I might be tempted to generalize “Database transactions” to just “transactions”, but that’s a minot point.
More importantly, I don’t see anything that mentions time/interactivity in your list. This is the big thing that’s missing from foundational models, like Turing machines and the lambda calculus. Software is about more than functions (in the mathematical sense); it is also about interaction with an environment. As a bullet-point summary of these ideas, I nominate “event handling”.
Elegance (as in an elegant theory), and clarity. Two distinct but strongly related notions. Elegance in finding the simplest workable solution. This argues *against* unneeded abstractions (the bane of the Java world), and overdone encapulation.
Clarity in expression means a reader of your code, coming along later, can readily follow what the code does. Clarity of expression requires clarity in how you think about the problem. If your thinking is unclear, your code will be unclear, and likely contain bugs.
Note that this argues against comments, somewhat. Clearly written code does not require comments, for the most part. Some exceptionally tricky sections require nearly an accompanying essay.
I think this list is not defensible. I, for example, may argue that metaprogramming and object oriented approach is essential, but other people would critique me and say that we better use functional languages (this is just an example).
It is really hard to define what basic is.
I think it all keeps changing. What was basic yesterday is not basic today. You can create a list by a majority voting, but the results would depend a lot on who votes (which country, etc).
My own list may not be defensible, I will grant you that… but the question still makes sense.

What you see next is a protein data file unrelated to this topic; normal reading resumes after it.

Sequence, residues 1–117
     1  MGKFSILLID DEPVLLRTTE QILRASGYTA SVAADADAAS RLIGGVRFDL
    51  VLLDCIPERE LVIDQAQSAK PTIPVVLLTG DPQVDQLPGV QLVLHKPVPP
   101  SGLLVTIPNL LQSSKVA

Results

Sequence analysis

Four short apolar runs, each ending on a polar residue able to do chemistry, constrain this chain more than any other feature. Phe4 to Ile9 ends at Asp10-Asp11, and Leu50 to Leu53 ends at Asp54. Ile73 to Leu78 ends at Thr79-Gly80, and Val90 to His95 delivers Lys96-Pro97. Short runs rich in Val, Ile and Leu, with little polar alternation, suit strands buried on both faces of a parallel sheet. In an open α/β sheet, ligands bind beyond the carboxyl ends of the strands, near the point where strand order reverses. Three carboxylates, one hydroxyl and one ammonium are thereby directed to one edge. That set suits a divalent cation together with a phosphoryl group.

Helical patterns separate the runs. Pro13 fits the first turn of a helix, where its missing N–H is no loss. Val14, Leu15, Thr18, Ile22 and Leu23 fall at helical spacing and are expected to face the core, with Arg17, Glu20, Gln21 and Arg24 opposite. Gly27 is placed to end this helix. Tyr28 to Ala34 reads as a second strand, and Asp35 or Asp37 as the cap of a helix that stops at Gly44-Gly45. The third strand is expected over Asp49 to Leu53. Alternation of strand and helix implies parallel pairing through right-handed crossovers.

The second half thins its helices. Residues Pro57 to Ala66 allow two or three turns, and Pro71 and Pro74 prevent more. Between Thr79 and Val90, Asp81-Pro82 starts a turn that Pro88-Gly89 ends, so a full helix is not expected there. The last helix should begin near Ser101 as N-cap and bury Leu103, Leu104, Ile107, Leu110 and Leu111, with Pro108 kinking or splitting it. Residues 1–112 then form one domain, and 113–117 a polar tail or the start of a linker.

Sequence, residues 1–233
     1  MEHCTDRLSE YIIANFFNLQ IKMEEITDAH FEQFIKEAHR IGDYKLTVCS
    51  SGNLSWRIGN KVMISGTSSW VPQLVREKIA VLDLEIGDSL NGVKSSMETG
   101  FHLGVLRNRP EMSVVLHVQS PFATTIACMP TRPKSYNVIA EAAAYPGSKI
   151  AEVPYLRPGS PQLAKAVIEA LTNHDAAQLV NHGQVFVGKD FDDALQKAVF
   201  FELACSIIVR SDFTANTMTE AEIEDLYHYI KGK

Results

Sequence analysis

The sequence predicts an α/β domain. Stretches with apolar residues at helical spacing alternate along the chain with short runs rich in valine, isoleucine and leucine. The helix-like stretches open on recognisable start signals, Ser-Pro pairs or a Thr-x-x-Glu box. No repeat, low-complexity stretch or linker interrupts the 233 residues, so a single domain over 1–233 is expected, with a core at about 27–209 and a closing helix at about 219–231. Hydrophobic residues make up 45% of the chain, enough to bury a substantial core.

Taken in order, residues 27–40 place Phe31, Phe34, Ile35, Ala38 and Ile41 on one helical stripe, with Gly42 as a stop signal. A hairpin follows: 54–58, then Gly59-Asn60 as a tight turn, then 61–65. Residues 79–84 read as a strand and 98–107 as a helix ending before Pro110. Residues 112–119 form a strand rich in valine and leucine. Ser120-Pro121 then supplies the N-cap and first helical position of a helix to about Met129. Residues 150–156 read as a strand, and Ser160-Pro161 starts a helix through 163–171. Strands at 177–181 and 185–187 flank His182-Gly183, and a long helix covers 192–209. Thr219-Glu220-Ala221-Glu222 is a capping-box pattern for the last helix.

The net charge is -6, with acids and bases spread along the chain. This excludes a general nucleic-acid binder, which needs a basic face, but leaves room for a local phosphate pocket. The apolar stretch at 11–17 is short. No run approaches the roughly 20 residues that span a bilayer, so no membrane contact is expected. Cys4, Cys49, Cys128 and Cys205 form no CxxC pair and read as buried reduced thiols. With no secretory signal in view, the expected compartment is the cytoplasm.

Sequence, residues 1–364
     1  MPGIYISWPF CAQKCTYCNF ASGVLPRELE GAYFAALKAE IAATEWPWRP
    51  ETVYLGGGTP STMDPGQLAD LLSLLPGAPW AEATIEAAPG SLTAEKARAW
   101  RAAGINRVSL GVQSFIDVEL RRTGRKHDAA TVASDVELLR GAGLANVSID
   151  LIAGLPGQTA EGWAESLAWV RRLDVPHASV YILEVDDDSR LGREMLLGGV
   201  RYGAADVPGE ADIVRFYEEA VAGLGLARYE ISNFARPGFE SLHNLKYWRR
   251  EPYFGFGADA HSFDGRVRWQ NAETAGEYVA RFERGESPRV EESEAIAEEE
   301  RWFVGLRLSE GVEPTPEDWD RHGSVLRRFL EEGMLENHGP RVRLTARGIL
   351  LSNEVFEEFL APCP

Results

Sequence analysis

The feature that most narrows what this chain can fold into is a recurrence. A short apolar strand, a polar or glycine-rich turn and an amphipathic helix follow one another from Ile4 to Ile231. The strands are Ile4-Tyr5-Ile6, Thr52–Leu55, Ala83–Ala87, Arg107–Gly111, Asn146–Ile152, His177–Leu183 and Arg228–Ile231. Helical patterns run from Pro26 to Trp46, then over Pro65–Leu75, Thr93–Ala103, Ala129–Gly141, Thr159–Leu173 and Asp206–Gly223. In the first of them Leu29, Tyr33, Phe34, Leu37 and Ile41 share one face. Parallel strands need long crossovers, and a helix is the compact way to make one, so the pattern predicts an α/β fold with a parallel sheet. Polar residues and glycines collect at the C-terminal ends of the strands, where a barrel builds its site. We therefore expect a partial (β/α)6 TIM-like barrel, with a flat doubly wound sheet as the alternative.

There are things that are universally accepted, such as (principled) testing or the use of compilers.
When something is still up to debate, maybe it is an indication that we don’t know if it is really a good idea.
write less code. it helps tremendously in all aspects, but most of all : quality control and testing.
Mirroring & Simulation of a Machine Mind Collective
Self adaptive software as well as…
Quality of Service (Resource Management)
Activity Based Metering & Costing
I didn’t see anyone mention regular expressions.
Documentation is also important. At the very least knowing how to use tools to automatically generate documentation from code is essential in a modern professional environment.
The Murphy’s Law, which really derives from Godel’s theorem. And so does the general principle that things eventually break, including encryption, and that security only works up to a certain point.
It is very important for programmers to know the limitations of what they’re trying to put together, and take them into account from the beginning.
The keys to good programming are a firm understanding of lambda calculus and Symbolic logic (including boolean simplification.) If you understand that, then you understand what led us to make computers in the first place. The rest is all syntax and a set of good/bad practices to either follow or avoid.
I’ve taught kids in various age ranges to program, and really the first thing to do is demonstrate to them that they can make the computer do something without a lot of frustration. Get them past that first couple of exercises of hello world, basic input/output and conditional logic and they can do a lot of things they didn’t think was possible. For this I recommend Scratch and Inform 7.